A study in the history of meaning-making: Watching socialist television serials in the former Czechoslovakia

A study in the history of meaning-making: Watching socialist television serials in the former Czechoslovakia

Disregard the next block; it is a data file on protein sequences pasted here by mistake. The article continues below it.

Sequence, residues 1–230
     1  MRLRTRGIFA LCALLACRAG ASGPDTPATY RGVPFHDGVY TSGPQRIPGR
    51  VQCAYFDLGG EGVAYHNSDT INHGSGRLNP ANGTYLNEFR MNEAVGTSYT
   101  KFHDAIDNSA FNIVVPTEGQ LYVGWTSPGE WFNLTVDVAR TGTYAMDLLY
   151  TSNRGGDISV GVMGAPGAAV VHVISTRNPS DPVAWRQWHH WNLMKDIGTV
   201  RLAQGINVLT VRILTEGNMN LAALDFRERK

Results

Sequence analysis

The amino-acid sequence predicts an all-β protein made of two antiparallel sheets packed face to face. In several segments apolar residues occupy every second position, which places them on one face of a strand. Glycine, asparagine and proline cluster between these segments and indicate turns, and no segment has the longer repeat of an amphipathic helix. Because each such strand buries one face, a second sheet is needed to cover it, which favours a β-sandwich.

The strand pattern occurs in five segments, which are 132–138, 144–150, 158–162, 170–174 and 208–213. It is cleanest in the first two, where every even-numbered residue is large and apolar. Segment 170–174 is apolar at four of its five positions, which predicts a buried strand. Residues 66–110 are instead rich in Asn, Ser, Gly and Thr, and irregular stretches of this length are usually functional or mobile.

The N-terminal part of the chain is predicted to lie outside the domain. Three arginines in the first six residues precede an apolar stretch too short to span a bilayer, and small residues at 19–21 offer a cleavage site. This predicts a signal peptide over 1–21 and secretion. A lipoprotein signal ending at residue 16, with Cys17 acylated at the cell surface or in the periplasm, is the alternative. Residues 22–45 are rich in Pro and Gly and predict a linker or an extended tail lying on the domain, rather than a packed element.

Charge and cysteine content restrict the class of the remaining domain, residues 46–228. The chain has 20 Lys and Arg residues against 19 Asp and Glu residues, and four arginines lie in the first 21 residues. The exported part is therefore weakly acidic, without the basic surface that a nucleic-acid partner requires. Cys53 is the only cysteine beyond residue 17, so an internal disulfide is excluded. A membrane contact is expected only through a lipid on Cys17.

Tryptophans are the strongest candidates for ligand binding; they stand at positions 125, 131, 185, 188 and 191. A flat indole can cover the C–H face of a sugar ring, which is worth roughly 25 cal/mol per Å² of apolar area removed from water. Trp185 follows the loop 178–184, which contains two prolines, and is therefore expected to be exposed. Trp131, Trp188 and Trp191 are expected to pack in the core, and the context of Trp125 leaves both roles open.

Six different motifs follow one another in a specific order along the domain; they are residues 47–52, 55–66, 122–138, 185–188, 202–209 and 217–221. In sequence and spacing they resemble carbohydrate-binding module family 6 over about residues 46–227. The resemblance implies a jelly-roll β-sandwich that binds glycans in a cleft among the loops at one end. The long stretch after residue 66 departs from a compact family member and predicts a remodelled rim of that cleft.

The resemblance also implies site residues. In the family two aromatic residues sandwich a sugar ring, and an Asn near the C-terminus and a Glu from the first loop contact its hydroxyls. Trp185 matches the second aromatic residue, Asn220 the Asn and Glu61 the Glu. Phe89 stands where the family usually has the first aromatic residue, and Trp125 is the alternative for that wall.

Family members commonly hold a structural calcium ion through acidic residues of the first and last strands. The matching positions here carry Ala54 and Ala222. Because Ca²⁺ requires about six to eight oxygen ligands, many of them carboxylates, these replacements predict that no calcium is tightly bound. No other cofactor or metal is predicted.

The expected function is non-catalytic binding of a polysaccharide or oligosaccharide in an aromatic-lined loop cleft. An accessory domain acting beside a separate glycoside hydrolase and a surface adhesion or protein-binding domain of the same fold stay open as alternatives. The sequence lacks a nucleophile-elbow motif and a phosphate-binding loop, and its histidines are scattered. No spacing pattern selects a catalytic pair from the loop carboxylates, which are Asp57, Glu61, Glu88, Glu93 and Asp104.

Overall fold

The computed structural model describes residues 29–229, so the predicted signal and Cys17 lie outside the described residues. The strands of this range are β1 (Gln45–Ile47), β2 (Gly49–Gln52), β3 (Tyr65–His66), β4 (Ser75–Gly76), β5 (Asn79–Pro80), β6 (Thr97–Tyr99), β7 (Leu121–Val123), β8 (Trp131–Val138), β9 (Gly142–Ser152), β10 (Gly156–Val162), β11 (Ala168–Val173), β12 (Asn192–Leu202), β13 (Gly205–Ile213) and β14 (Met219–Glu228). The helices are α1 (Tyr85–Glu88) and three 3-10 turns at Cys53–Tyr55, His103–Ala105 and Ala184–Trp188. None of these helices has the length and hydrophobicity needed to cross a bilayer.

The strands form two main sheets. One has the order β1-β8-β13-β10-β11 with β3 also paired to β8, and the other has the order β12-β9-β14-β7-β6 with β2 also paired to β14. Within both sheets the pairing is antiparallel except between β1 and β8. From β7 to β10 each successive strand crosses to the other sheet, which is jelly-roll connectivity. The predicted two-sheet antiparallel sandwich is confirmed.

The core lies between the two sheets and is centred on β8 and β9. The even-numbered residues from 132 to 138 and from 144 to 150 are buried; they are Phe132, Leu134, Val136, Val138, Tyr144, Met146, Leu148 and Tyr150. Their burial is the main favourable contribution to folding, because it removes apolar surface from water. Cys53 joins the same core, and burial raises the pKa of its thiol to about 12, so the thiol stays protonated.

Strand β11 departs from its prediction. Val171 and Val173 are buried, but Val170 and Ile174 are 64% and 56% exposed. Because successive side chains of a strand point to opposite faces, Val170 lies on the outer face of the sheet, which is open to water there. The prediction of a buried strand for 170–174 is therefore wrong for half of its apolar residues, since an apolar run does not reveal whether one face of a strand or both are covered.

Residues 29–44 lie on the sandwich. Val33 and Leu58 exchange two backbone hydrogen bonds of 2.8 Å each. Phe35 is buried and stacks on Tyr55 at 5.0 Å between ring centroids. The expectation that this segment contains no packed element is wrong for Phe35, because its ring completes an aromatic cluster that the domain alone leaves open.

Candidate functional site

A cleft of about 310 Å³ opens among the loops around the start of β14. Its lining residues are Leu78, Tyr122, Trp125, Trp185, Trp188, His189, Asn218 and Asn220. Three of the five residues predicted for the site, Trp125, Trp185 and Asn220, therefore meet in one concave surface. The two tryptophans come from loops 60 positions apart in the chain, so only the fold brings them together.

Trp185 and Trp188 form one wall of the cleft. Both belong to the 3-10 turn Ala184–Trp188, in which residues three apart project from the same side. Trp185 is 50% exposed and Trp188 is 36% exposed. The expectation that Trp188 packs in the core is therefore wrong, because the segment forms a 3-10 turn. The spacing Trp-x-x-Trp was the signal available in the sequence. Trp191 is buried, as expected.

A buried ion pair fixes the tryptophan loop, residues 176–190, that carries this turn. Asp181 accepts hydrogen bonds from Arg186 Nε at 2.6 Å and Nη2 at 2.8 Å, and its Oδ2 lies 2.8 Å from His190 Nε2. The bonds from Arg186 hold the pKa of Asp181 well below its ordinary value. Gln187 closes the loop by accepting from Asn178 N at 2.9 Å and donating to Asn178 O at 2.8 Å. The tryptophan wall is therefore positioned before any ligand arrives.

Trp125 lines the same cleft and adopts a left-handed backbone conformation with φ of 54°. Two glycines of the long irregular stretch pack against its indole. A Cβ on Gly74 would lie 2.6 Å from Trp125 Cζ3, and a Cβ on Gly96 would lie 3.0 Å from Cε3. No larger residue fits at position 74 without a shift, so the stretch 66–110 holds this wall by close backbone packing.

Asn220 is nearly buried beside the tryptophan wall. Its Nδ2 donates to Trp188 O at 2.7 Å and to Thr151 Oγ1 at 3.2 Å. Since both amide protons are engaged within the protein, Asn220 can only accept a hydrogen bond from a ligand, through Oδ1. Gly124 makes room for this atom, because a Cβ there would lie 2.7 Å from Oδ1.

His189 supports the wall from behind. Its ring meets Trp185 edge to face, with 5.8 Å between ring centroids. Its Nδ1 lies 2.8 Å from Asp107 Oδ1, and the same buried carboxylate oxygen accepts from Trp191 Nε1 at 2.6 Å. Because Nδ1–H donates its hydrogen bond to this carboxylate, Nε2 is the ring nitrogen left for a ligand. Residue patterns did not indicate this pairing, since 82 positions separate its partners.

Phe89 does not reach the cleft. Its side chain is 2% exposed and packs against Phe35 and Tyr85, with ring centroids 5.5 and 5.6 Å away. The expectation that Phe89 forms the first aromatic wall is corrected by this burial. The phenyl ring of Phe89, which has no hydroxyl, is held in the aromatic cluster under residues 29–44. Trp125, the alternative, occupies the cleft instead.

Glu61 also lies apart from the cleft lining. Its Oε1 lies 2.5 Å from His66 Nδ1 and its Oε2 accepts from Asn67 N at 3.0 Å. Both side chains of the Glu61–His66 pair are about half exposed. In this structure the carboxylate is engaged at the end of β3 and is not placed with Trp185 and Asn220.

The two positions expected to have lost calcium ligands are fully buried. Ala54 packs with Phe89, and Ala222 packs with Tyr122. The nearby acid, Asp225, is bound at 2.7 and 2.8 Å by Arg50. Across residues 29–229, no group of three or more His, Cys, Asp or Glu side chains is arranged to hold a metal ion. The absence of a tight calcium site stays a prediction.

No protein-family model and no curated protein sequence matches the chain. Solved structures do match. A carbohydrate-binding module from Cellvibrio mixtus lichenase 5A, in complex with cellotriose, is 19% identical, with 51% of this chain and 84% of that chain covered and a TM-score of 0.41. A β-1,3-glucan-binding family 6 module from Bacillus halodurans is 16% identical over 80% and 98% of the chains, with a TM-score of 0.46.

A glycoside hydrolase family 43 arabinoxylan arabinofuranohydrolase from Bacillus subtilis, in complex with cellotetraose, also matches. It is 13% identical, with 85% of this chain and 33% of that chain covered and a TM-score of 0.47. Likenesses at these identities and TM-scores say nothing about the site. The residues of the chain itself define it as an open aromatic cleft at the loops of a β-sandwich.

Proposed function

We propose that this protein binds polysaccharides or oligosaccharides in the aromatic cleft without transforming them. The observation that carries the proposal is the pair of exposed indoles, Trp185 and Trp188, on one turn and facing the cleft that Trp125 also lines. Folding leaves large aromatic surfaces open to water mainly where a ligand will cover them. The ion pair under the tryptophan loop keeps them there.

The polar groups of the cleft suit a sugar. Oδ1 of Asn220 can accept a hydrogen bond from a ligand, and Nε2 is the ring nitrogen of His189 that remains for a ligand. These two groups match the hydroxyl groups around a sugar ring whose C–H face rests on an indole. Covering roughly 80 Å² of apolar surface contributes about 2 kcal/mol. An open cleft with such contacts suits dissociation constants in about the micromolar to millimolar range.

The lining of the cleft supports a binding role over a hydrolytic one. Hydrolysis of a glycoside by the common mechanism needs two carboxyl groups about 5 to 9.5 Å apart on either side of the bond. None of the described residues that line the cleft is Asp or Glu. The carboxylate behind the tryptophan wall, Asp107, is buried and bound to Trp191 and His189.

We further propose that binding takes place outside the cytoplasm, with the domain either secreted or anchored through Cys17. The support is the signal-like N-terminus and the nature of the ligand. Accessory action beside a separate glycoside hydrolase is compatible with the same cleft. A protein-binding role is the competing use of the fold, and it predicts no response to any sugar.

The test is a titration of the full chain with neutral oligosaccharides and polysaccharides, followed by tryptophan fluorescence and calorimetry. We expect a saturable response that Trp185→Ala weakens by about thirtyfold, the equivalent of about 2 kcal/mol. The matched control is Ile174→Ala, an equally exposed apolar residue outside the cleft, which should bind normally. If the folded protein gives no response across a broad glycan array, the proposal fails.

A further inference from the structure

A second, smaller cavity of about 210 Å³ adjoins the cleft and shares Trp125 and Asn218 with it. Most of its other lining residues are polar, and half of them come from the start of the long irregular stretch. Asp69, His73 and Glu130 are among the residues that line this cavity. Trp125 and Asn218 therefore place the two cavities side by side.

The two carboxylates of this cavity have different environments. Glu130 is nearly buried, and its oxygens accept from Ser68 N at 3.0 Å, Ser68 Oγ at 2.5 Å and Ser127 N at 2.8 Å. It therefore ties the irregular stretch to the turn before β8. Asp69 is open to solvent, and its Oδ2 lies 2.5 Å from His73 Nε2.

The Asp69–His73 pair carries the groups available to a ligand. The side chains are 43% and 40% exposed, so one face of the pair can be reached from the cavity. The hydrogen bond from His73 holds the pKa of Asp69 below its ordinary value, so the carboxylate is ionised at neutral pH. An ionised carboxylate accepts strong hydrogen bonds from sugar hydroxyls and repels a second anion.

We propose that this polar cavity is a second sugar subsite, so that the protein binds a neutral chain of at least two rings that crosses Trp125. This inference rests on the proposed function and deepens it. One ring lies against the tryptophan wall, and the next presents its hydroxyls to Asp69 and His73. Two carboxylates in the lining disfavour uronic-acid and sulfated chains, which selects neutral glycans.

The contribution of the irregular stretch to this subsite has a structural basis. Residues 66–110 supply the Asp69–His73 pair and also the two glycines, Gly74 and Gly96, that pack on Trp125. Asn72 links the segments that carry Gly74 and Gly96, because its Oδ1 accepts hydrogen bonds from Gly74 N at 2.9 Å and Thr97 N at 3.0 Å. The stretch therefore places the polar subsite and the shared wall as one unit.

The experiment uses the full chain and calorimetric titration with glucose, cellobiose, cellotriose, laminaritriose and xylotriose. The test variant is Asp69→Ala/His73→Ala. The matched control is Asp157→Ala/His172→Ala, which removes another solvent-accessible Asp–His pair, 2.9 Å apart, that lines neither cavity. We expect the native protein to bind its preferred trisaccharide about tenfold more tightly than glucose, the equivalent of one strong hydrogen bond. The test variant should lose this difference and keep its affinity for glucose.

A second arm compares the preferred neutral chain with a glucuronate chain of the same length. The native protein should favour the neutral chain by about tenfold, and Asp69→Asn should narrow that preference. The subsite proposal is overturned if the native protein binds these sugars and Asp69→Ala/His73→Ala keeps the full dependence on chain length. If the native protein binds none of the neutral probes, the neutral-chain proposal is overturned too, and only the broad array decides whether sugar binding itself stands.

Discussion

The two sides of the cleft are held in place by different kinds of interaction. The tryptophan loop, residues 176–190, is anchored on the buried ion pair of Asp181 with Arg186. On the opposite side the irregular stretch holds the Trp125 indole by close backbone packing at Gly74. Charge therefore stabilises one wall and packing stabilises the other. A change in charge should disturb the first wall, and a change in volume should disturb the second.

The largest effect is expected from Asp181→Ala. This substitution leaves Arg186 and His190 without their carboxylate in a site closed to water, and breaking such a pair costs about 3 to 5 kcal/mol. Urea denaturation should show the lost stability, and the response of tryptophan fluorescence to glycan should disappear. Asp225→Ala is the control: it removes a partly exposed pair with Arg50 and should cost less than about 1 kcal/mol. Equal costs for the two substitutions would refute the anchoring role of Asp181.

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  European Journal of Communication2015, Vol. 30(1) 79  –94© The Author(s) 2015Reprints and permissions: 10.1177/ A study in the history of meaning-making: Watching socialist television serials in the former Czechoslovakia Irena Reifová Charles University in Prague, Czech Republic Abstract The aim of this article is to map out and analyse how the viewers of the communist-governed Czechoslovak television understood the propagandist television serials during the so-called normalization, the last two decades of communist party rule after the Prague Spring. It strives to show peculiarities of the research on television viewers’ capabilities to remember the meanings and details of hermeneutic agency which took place in the past. The article argues that – in contrast to the mainstream historiography which claims full depoliticization of Czechoslovak people as a consequence of post-Prague Spring disillusionment – the uses of popular culture provided niches in which the political could be experienced. The role of reproductive memory in remembering the viewers’ experience buried under the grand socio-political switchover is also illuminated and used to coin the concept of ‘memory over dislocation’. Keywords Collective memory, Czechoslovak normalization, life-story research, popular culture, post-socialism, television serials This article seeks to challenge a tacit assumption that instrumental and interpretive autonomy of media use can only be looked for in the democratic environment. It turns the time back to the 1970s and 1980s in state-socialist Czechoslovakia and strives to illuminate how the television viewers understood the socialist television serials, the leg-endary Czechoslovak television of the period. Its goal is to map out the meaning-making Corresponding author: Irena Reifová, Institute of Communication Studies and Journalism, Faculty of Social Sciences, Charles University in Prague, Smetanovo nabr. 6, Prague 11000, Czech Republic. Email: EJC 0   0   10.1177/0267323114565744European Journal of Communication Reifová research-article   2015  Article  at Charles University in Prague on September 10, 2015ejc.sagepub.comDownloaded from   80  European Journal of Communication 30(1)  processes stimulated by television programmes that packaged ideological credos of the Communist Party as popular television narratives. What is even more important, though, is to show that these programmes sensitized viewers’ meaning-making potential in some way and that the spectators did not simply swallow the propagandist hook without any modification or re-appropriation.This is not an attempt to pulverize or relativize the goals and methods of the Communist Party’s propaganda but, rather, to argue that production and reception were ‘linked but distinctive moments’ (Hall, 1992: 107) even in the circuits of culture within undemo-cratic society in Communist Party–governed Czechoslovakia. The existing conceptual apparatus of audience studies derives predominantly from the research that was done on media audiences in democratic, capitalist circumstances. Unregimented, liberal media culture seems to be a primary condition for meaningful enquiry into the audiences as it is exactly political freedom and market operations which allow scholars to assess the audiences either as citizens or as consumers, the two most examined subject positions in contemporary audience studies (Blumler and Gurevitch, 1995; Dahlgren and Sparks, 1991). Audiences in undemocratic conditions were never made part of this narrative.Studying media audiences in non-democratic conditions challenges not only the assumption that the interpretive autonomy of the user can only be found in democratic societies but also the more general tendency to think of audiences in terms of activity in contrast to passivity. The study of audiences’ meaning-making in non-democratic set-tings pushes us to reflect on these taken-for-granted dichotomies that dominate our thinking about audiences and encourages us to offer more nuanced analytical and con-ceptual distinctions.The article will first present the methodological lessons on an enquiry into the histori-cal audiences to which this research leads. This will elaborate on the inadequacy of the  passive versus active dichotomy in the case of non-democratic audiences, intricacies of doing memory studies over dislocation and the question of memorability of meanings within life-story methodology. In the second part, the actual study of the audiences in the state-socialist Czechoslovakia in 1970s and 1980s will be advanced. Methodological considerations: History, memory and meanings Methodologically speaking, this research is a study of the history of meaning-making  processes. It has two main points of departure. First, it proposes that totalitarian popular culture was used in a hermeneutically prolific way and seeks to examine political read-ings of the socialist serials by the television audiences of the period. Second, it differenti-ates between actual historical meaning-making processes and the retrospective reconstruction of these processes. It assumes that viewers’ memory of how they under-stood propagandist television in the socialist past is massively affected by the drive to re-evaluate the past in post-socialist collective memory.The research is grounded in analysing respondents’ memories of watching the social-ist serials collected by the focus group interviews. 1  The sample was composed of 40 narrators in seven focus groups (there was also one in-depth interview with a specific at Charles University in Prague on September 10, 2015ejc.sagepub.comDownloaded from   Reifová 81 respondent). The selection of narrators was controlled for age, active viewing of the socialist serials during the so-called normalization and declared attitude to the state-socialist system in Czechoslovakia. Narrators were born in 1955 or earlier; only people who were at least 20 years old in 1975, when the first propagandist television serial was aired, were selected. Narrators were grouped, according to their attitude towards the communist system, into six groups with no specific attitude and one group with an oppo-sitional attitude. Interviewing was done in a semi-structured fashion according to a pre- pared list of topics. 2  The interviews took place during 2012 in the central part of the Czech Republic (including Prague) and in Brno. The interviews lasted approximately 90 minutes each, and video samples taken from the three socialist serials were used as artefacts and incentives. 3  The focus groups were recorded and transcribed.  Audiences’ agency and popular hermeneutics under the non-democratic conditions Ideologically charged television serials were introduced into the programming of Czechoslovak Television after the collapse of the liberation process in 1968 and the advent of the so-called normalization. It is this category of television drama that was used as an object and artefact in the memory-inciting interviews presented in the second  part of the article. Normalization is a name commonly given to the period of 20 years  between 1969 and 1989 which followed the Prague Spring. It was characterized by the restoration of the communist party rule prevailing before the reform period led by Alexander Dubček.The period of ‘normalization’ is a rather unlikely choice for a study that wishes to explore people’s agency. This study focuses on audiences’ hermeneutical agency, that is, viewers’ capability to read the socialist serials autonomously and generate interpretations and uses which significantly deviated from the intended propagandist meanings.  Normalization, which brought about the re-establishment of an unadulterated totalitarian regime, is overwhelmingly studied in terms of specifying the power of the state-socialist structures. Human agency is overlooked as a quality which naturally atrophied under the  pressure of the tyrannizing structures. Moreover, it does not fit into the post-socialist grand narrative, which assumes the totally stupefying effects of the domineering socialist structures at its centre. Looking for the indices of autonomous hermeneutic agency within the conditions of normalization brings a new stimulus into academic writing on non-democratic audiences which has been for a long time preoccupied with the power of structures and indoctrinating effects of propaganda (Fidelius, 1998; Jareš et al., 2012; Kabele and Hájek, 2008). A rare example of an enquiry into the historical audiences within a government-controlled media system is a study by Meyen and Nawratil (2004) who interviewed spectators from the former German Democratic Republic about their viewing habits in the past. The authors, however, almost neglected the impact of the memory work on the accounts provided by the narrators.The research presented in this article studies how television viewers used politically  blatant programmes (socialist television serials) to connect to the publicly relevant themes and to understand the existing political order in the private corners of their at Charles University in Prague on September 10, 2015ejc.sagepub.comDownloaded from   82  European Journal of Communication 30(1) existence, in their television rooms. The main goal is to find out whether the socialist television serials inspired the viewers to reflect on existing political reality and whether they functioned as stimuli in a meaning-making process. We subsume all these activities  – reading popular culture texts, understanding them, interpreting them and using the experience as input in a process of assessing reality – under the concept of popular her-meneutics: the methods and results of understanding popular texts by ordinary people in an intuitive way. (The similar concept of ‘ordinary hermeneutics’ was applied in the research on lay people’s interpretations of the Bible by Andrew Village, 2007.)Obviously, the totalitarian, undemocratic character of the social conditions impacted extensity and intensity of popular hermeneutics in reading of the political meanings. Yet, it would be inaccurate to judge the non-democratic audiences as automatically passive  because production of meanings is  relevant even if it does not feed into immediate social action. Practices of popular hermeneutics performed by non-democratic audiences thus further question the canonical distinction between active and passive audiences – they especially show its inadequacy as a singular dimension of audience assessment. On one hand, non-democratic audiences are active because they are involved in the processes of  popular hermeneutics; on the other hand, they cannot be classified as publics. According to Sonia Livingstone (2005), ‘public refers to a shared understanding or inclusion in a common forum’ (p. 17), and these forms of collectivity hardly existed outside of opposi-tional circles in Soviet-bloc countries. The paradox of active audiences who are still not  publics can be more suitably addressed with a two-dimensional model by Nancy Fraser (1992) who differentiated ‘strong’ and ‘weak’ publics depending on the potential for opinion formation and decision-making (p. 134). Totalitarian audiences are weak as far as they do not have any space for political decision-making, but some opinion formation in terms of making of political meanings (e.g. inspired by popular television) is possible (although circulation of the opinions is restricted or deformed).  Memory over the dislocation The overall methodology of this research could be defined as the sociology of the past  based on life-story research. It analyses the extracts of life stories that respondents pro-duced when they were invited to talk about memories of their watching political scenes in the socialist serials.The most disturbing concern of the studies grounded in life-story methodology is the one about memory work. This type of research has been notoriously criticized for work-ing with something as biased and unreliable as memory, although memory studies schol-ars tend to anticipate potential criticism themselves. Alistair Thomson lists multifarious doubts about memory as a data-mining tool. According to him, memory deteriorates in old age, gets affected by nostalgia or influenced by the narrator’s and interviewer’s per-sonalities – and, above all, it gets replaced by reconfigured versions of the collective or retrospective memory (Thomson, 2011: 79). Jerome Bourdon (2011) in his account of memory as ‘the double agent’ also stresses that ‘memory is reconstructive; it constantly re-elaborates the past’ (p. 63).Distortions and reconstitutions of memory are, by and large, accepted as indisputable facets of the memory work which apply to all remembering subjects in all circumstances. at Charles University in Prague on September 10, 2015ejc.sagepub.comDownloaded from   Reifová 83  Nonetheless, this research still requires a more nuanced perspective which allows us to understand that intensity of reconstructive tendency is crucially connected to discontinu-ity/continuity of memory. The discontinued memory which has to handle a transforma-tive rupture, dividing the life course into incompatible parts, is necessarily even more reconstructive, and certainly it reconstructs the past in a specific way. Such a memory can be defined as a memory over the dislocation. It is exactly this type of memory which is dealt with in this research. The past of which narrators talked is separated from the  present by the political and social switchover in 1989 – in other words by ‘dislocation’. Jakob Torfing (1999) defines it as a total fracture of all familiar social dimensions, as ‘a destabilization of a discourse that results from the emergence of events which cannot be domesticated, symbolized or integrated within the discourse in question’ (p. 301). Memory is even more fragile and agile if it stretches over dislocation, and such specific-ity has to be taken into account in the phase of interpretations.The second methodological challenge of this research srcinates in its focus on the history of meanings. It constitutes an issue of memorability of meanings and reliability of these ‘hermeneutic’ memories. Can people reconstruct what they were thinking in the same way that they reveal what they were doing? And how does the researcher work with memories which cannot be verified with the help of complementary archives? Life-story research is usually event-based; it collects life stories or narrations of particular historical moments which revolve around specific events – and its records can therefore be checked. To give an example, oral history developed formalized ‘guidelines to assess reliability of recorded memory’ (Thomson, 2011: 79). On the contrary, research into the hermeneutic dimension of historical audiences strives to reconstruct meanings which used to be in  people’s heads. Working with this type of memory is an exceptionally precarious assign-ment because the researcher is dependent on one category of sources and has little to corroborate what the narrators claim. Although these challenges are rather novel and they do not have any systematic solution, an auxiliary technique of assessing the remem- bered meanings was tried in the course of this research. It was preceded by an awareness that the reliability of memory of meanings can only be scrutinized with the logic of fal-sification. We can never prove that the narrator remembers correctly (i.e. that there is minimal impact of the particular dislocation), but we can pin down the signs that he or she is replacing memory with a dislocation-affected construct. There are two categories of the warning signs that were applied throughout this research: contradictions in narra-tors’ claims and uses of ahistorical language. Ordinary people depoliticized? The former totalitarian regimes in Central and Eastern Europe are often thought of as extremely political social systems, thoroughly permeated with an ideological agenda set by the party line on all levels. Paradoxically, the main pathology of Czechoslovak normalization was not excessive concern with the political issues but essential disin-terest of the people in all aspects of public and political life. We can further refine the argument by incorporating Chantal Mouffe’s (2005) distinction between ‘politics’ and ‘the political’:  at Charles University in Prague on September 10, 2015ejc.sagepub.comDownloaded from